One may then reply that self-ownership does imply property because we need property in order to survive. We need food, lodging, cleaning, and so on. We must, or so goes the argument, hold things as our property in order to use them in these ways. We have a right to life and, in order to maintain that life, we need “property rights.”

But again, this does not prove all “property rights.” You can hold and use an apple without selling it or destroying it (that is to say, making it unusable). You can live in a house without selling it, modifying it significantly, or destroying it. So again, abusus is not proven here, and it is a necessary part of “property rights.”

Not only are “property rights” not needed to affirm any right to life, but “property rights” are at tension with the right to life. Nowhere is this shown more clearly than in the contradiction between the “property rights” of Big Pharma and the “right to life” of people in the Second and Third World. Let’s look at the root cause of this tension.

Consider that “property rights,” by their very definition, are an absolute limit over the implementation of all other, real rights. I’ve made the point before that the right to life is meaningless without the right to health care and other life necessities, that the right to assemble is meaningless without a place to assemble in, that the right to free expression is meaningless without the tools of that expression, that the right to justice is meaningless without the means to be treated as an equal, and so on. All “negative rights” necessitate “positive rights” to be meaningful at all, including material ownership. And “property rights” make it so that this material ownership is contingent, contingent upon a multitude of factors: who you were raised by, the kind of education and work you were able to get, and so on.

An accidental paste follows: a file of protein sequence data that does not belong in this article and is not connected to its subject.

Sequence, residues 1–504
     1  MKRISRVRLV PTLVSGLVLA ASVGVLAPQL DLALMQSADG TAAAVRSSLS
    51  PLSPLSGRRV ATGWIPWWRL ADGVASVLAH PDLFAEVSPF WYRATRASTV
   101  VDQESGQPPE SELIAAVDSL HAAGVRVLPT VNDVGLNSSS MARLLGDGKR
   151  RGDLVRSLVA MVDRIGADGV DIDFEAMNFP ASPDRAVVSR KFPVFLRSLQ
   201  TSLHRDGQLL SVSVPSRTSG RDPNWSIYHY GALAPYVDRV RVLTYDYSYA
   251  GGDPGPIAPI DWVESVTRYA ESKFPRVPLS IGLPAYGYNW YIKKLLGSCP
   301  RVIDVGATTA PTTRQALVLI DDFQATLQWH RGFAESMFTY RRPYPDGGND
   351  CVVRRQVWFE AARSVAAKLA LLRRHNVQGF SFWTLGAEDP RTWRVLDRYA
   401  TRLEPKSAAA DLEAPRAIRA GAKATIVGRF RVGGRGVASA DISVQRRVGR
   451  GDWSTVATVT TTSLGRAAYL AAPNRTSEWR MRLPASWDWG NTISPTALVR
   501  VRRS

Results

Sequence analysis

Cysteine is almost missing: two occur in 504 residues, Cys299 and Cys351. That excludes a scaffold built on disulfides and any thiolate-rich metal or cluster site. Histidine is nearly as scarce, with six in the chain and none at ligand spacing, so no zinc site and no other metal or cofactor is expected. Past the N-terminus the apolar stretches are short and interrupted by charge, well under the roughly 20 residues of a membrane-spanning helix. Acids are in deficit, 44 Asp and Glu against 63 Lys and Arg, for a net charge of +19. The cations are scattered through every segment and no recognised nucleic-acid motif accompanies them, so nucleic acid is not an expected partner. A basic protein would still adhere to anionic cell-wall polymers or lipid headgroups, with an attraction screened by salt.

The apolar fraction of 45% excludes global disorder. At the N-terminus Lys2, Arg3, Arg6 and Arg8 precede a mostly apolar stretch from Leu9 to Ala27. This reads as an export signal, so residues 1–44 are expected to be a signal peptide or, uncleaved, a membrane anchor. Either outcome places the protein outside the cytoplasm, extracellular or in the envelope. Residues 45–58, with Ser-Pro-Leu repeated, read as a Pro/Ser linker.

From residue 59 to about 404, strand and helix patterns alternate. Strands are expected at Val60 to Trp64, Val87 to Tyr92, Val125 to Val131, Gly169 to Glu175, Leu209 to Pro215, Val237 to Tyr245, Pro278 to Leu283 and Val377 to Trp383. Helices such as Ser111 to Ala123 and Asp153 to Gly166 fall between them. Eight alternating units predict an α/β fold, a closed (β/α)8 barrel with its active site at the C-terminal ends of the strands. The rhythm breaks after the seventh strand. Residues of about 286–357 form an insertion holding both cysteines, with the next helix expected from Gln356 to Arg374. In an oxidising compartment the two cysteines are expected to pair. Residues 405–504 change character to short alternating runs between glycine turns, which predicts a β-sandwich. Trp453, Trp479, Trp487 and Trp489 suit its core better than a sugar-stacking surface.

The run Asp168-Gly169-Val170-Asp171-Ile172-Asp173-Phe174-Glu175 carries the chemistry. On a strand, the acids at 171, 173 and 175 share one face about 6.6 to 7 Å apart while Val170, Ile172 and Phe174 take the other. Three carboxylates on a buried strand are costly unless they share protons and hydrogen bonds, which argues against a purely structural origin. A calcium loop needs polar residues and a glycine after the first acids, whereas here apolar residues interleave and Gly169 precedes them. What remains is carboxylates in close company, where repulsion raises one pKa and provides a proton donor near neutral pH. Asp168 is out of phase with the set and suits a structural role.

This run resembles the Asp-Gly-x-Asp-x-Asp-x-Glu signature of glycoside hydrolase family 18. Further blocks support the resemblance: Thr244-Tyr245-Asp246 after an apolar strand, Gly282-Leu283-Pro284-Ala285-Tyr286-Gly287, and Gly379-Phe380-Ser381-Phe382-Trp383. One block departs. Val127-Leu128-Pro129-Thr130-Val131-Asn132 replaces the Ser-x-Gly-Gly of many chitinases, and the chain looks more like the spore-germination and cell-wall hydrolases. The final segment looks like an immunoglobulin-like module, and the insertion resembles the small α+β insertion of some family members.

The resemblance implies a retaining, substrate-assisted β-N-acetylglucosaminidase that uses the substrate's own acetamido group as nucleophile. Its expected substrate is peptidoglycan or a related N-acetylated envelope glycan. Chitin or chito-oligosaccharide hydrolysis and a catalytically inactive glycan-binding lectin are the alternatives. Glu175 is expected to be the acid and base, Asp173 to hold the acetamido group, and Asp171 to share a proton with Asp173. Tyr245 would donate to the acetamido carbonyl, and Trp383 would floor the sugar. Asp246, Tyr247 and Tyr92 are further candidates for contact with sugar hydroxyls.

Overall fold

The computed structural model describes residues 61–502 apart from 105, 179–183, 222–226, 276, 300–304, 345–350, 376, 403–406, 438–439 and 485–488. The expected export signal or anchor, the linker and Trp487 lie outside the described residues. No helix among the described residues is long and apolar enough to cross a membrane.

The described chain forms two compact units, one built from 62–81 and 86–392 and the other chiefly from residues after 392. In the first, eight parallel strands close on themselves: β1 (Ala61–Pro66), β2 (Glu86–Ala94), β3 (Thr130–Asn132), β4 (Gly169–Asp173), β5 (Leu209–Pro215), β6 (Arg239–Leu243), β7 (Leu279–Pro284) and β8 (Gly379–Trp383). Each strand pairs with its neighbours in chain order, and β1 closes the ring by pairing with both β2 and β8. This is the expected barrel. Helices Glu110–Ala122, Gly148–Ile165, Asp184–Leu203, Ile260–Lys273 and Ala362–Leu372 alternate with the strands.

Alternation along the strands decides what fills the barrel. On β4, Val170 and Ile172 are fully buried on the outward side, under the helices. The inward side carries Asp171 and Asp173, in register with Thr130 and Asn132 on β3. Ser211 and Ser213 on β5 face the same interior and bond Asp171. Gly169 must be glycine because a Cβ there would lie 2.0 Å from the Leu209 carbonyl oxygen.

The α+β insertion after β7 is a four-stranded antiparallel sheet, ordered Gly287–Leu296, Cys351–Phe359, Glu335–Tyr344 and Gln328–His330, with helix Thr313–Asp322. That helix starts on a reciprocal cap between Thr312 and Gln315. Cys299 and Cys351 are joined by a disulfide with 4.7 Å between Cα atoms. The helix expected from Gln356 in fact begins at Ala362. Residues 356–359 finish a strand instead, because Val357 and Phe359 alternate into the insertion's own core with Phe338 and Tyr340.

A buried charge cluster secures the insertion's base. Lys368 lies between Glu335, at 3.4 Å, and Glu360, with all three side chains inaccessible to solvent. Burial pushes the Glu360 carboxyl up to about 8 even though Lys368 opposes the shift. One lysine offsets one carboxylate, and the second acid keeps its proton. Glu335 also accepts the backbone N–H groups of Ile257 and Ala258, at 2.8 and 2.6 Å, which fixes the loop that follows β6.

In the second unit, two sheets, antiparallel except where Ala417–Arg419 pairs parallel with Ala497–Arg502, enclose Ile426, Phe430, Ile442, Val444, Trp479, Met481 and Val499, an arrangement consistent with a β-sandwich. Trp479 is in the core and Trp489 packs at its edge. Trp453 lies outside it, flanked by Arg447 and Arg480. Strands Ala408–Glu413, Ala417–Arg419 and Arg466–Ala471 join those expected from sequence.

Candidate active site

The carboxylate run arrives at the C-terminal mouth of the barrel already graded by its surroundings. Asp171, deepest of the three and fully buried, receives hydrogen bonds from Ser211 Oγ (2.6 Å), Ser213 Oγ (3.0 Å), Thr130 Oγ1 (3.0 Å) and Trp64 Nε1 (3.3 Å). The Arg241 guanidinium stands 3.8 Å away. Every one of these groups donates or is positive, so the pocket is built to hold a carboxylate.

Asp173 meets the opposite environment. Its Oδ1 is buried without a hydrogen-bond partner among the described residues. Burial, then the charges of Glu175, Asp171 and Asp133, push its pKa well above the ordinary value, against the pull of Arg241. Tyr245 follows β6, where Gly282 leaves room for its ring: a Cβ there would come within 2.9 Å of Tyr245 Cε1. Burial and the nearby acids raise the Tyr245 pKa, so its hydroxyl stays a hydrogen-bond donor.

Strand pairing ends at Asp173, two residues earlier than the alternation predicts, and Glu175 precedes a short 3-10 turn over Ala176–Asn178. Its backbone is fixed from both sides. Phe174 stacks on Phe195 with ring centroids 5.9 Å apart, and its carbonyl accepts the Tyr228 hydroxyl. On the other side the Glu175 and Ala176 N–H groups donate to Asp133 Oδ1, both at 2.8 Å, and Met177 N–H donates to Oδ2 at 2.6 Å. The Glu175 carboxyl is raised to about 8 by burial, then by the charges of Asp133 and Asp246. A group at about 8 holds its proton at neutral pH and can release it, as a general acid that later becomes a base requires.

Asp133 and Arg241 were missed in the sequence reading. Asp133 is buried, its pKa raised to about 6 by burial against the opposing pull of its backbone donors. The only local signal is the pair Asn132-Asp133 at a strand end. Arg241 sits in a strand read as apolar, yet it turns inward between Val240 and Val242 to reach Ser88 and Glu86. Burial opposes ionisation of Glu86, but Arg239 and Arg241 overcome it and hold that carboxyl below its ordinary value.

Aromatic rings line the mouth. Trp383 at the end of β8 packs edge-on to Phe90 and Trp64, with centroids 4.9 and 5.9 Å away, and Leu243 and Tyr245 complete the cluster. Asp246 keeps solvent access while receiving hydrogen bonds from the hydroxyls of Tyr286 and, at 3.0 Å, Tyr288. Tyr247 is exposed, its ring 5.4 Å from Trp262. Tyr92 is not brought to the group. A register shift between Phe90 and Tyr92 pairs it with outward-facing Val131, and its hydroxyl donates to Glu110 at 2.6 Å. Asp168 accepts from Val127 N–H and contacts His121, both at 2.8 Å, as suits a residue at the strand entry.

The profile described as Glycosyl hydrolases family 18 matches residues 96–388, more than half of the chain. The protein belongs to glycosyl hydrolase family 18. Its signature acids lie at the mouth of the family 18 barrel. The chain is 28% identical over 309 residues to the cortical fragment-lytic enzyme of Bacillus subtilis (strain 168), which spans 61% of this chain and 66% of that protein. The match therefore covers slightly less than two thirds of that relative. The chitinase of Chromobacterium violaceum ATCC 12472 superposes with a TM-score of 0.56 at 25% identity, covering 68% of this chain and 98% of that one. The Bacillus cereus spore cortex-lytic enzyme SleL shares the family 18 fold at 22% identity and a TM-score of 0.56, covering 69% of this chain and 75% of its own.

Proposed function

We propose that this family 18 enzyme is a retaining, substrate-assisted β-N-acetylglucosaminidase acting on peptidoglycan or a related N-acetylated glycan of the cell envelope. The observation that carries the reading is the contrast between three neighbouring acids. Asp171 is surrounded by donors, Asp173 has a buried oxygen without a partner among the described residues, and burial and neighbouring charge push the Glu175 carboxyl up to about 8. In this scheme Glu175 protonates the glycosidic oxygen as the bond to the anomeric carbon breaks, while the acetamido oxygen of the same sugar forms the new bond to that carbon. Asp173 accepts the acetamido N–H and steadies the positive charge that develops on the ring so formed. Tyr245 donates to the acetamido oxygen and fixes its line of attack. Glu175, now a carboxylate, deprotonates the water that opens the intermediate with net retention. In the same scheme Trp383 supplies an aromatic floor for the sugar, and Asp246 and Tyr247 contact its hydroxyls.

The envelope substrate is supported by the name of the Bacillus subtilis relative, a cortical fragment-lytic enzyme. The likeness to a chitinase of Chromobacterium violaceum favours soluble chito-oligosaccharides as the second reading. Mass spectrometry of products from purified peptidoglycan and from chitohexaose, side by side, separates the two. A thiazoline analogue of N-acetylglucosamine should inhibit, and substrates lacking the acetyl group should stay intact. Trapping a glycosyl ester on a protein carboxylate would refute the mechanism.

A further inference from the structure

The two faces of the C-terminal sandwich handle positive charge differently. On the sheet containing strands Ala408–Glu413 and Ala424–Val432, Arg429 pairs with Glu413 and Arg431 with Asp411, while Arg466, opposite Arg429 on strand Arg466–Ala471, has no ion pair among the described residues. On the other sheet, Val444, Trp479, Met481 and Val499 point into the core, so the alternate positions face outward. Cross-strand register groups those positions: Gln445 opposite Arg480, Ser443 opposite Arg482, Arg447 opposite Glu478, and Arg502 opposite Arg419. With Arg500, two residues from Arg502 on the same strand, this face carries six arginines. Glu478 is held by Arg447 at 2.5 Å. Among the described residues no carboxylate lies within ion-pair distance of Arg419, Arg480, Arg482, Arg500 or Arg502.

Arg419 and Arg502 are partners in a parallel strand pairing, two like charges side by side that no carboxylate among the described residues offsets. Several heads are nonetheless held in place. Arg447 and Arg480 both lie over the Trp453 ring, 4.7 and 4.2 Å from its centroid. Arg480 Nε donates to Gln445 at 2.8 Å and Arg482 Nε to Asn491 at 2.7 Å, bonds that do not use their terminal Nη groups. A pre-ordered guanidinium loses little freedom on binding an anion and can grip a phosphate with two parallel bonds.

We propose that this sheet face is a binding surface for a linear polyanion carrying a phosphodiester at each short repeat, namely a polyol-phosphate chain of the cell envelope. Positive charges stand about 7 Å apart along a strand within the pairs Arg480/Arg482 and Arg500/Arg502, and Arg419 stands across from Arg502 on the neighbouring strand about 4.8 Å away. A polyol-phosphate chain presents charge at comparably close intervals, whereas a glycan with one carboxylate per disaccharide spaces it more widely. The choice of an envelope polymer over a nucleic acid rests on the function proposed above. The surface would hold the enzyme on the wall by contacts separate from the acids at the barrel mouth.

Not only that, but “property rights” also dictate how this material ownership becomes concentrated into a small number of hands. The two biggest influence on this are the lack of limits on the amount of land or property one can acquire (so that one person can buy more than his equal share) and, most importantly, the private ownership of the means of production, by which the owner can extract surplus value from his workers with the help of the extensive structural crippling executed by the State. But this is not new; for centuries, “property rights” have explicitly been used to protect the moneyed minority against the anger of the destitute majority (when they talked about the “rights of minorities,” they were talking about the rich, not black people or natives, who were considered subhuman).

If a small percentage of people have most of the wealth (in the US, the top 1% controls 35% of the wealth and receive 20% of the income, while the bottom 80% controls 15% of the wealth and receives less than 40% of the income; the picture is less dramatic but similar in other Western countries), and we live in a society where wealth determines material ownership, and by extension rights expression, then we should expect such a society to be stratified, and for some to have more rights than others. Furthermore, we should expect many in the bottom strata to have very little to no rights at all.